It’s that time of year where you peer outside after a long winter and see an unwelcome amount of debris and disorder awaiting your spring cleaning efforts. The fortunate among us hire a cleanup crew. The planners among us pay attention to the friendly offer from the city to help haul it away for you. But, we’re clearly not all fortunate or planners.
While a nice looking yard is enjoyable, cleaning up your financial debris and disorder is far more important. Many people just never seem to get around to it. Let this serve as both a friendly reminder and an easy-to-follow starting guide.
As always, the most important step is the first one. Start by simply writing down your personal list of those nagging and long-neglected, money-related items in your life. But, be sure to keep it brief at first. People often craft an emotionally impossible list of things to accomplish. The result is entirely predictable; continued procrastination.
In the name of simplicity, craft your list into digestible bites that will allow you to move along the path to a simpler and more efficient financial setup. To begin, I will highlight three key areas you should focus on.
Start by taking a good look at your money mechanicals.
These are equivalent to digging out your dirty, outdoor furniture from winter storage or turning on your sprinkler system or taking your lawnmower in for that overdue tune up. If you ignore your mechanicals for too long, it gets awfully difficult to actually enjoy those summer moments. The same thing happens in your financial life.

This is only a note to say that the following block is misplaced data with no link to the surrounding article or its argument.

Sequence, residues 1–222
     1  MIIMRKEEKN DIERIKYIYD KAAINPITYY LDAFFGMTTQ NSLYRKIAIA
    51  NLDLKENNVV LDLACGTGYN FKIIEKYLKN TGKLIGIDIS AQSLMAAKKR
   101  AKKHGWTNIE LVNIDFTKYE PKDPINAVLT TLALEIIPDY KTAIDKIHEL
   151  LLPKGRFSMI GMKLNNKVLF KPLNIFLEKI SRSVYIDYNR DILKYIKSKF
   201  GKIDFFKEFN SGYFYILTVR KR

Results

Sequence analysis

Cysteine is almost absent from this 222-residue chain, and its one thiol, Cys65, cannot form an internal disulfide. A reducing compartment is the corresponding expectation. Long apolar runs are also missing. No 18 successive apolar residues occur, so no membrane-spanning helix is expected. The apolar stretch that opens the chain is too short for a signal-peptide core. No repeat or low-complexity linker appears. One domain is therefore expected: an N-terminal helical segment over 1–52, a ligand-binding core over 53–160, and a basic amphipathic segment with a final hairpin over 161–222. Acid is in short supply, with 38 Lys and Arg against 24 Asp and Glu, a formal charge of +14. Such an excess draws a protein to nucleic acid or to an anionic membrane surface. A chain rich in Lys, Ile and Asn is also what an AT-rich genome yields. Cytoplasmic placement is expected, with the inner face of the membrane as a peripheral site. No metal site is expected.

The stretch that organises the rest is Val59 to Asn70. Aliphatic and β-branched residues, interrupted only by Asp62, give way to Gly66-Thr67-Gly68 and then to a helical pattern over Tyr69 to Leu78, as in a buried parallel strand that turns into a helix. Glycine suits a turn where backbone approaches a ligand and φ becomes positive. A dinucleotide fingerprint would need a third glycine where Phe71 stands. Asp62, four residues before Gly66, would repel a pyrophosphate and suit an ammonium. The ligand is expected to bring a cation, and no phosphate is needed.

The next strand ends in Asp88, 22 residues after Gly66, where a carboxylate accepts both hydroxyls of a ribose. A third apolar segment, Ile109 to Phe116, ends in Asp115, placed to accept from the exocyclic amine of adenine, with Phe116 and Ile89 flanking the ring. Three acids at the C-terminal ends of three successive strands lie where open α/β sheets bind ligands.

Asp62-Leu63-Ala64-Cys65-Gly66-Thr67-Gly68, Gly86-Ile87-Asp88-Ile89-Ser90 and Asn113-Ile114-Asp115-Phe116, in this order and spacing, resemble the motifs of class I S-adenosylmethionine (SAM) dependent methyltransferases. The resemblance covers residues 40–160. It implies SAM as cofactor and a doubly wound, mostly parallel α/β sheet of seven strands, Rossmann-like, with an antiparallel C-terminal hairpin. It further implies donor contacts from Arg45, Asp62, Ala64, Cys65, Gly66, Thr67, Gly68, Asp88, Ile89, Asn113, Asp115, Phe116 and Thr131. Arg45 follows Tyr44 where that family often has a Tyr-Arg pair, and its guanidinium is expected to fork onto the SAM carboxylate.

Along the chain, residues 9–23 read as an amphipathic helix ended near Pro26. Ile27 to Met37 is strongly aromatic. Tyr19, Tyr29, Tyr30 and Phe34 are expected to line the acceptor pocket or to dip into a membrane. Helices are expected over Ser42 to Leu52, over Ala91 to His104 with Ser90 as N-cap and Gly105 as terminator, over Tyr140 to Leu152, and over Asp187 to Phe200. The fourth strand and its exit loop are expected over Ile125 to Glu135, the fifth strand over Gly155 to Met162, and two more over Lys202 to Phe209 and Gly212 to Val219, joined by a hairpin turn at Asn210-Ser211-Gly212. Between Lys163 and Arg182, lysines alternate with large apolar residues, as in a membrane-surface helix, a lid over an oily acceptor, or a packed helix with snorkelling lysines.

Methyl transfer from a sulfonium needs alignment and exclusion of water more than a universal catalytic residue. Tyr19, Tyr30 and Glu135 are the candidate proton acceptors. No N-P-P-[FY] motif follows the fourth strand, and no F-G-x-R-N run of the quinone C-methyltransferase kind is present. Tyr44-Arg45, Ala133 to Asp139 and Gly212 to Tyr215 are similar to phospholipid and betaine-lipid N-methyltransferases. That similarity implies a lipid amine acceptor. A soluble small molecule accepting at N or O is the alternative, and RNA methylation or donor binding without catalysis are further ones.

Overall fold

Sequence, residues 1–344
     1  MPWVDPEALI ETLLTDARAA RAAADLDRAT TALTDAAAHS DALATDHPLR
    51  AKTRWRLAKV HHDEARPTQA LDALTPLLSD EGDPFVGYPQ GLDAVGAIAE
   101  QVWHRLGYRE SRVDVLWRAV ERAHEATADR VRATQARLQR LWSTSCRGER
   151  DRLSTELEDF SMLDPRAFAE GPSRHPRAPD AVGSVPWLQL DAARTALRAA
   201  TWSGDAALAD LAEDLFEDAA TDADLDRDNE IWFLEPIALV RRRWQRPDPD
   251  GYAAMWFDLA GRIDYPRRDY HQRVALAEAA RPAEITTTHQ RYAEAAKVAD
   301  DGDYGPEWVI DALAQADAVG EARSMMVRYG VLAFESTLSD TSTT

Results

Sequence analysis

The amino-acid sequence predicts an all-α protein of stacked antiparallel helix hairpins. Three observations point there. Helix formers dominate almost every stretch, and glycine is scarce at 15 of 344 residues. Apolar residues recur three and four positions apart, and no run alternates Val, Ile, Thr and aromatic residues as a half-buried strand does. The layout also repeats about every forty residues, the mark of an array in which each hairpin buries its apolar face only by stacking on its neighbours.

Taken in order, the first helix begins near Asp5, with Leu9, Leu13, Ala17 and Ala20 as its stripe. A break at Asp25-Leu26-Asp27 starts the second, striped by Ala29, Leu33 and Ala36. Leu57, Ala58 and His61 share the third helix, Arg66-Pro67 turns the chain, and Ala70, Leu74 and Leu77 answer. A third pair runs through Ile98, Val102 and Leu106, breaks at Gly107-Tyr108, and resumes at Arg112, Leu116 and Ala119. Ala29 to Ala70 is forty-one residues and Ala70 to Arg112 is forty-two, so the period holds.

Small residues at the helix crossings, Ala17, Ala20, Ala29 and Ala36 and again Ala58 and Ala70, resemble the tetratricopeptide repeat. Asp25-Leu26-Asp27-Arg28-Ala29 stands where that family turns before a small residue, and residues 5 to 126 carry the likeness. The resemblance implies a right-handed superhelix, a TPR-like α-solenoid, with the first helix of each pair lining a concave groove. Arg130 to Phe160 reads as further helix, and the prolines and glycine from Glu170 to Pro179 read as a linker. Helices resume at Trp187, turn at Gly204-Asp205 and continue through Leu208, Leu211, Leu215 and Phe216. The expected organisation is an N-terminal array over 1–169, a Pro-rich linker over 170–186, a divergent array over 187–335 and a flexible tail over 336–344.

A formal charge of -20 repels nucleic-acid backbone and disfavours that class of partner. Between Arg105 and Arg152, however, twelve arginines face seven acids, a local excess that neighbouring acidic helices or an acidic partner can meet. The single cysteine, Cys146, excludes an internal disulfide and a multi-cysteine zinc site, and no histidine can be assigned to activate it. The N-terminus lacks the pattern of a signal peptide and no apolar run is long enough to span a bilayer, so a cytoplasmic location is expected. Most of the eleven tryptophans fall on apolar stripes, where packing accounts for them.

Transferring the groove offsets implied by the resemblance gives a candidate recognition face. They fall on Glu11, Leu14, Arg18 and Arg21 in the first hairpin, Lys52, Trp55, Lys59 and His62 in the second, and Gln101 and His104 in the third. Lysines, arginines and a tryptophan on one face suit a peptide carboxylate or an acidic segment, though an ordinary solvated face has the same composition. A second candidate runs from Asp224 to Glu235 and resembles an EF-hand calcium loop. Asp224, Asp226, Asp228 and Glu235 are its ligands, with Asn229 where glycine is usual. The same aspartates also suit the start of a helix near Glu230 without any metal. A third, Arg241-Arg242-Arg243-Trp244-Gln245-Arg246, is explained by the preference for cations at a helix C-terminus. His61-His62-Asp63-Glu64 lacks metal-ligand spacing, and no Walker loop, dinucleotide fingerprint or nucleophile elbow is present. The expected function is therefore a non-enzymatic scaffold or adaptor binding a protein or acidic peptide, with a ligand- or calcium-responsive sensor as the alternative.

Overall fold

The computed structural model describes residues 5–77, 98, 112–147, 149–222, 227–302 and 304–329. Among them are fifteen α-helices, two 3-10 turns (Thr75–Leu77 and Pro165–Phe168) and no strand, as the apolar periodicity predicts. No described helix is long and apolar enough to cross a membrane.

I suggest an initial focus on three tasks and then move deeper from there.
Start by reviewing the inventory of your investment and financial accounts and taking special note of your current beneficiary designations for your retirement accounts and your life insurance policies.
Next, dig out your old, dusty, estate planning documents and make sure your former self’s thoughts are still valid and that nothing is worthy of a formal reevaluation.
Finally, have that short and important conversation with your spouse or loved ones about how they could actually access all of your accounts in the event you were no longer around. Write it all down on a single sheet of paper and keep it in a secure place. This simple step will absolutely save a lot of pain and inconvenience at a difficult time.
Together, these simple first steps will likely open up a world of profound thoughts regarding your financial affairs. Don’t let that scare you.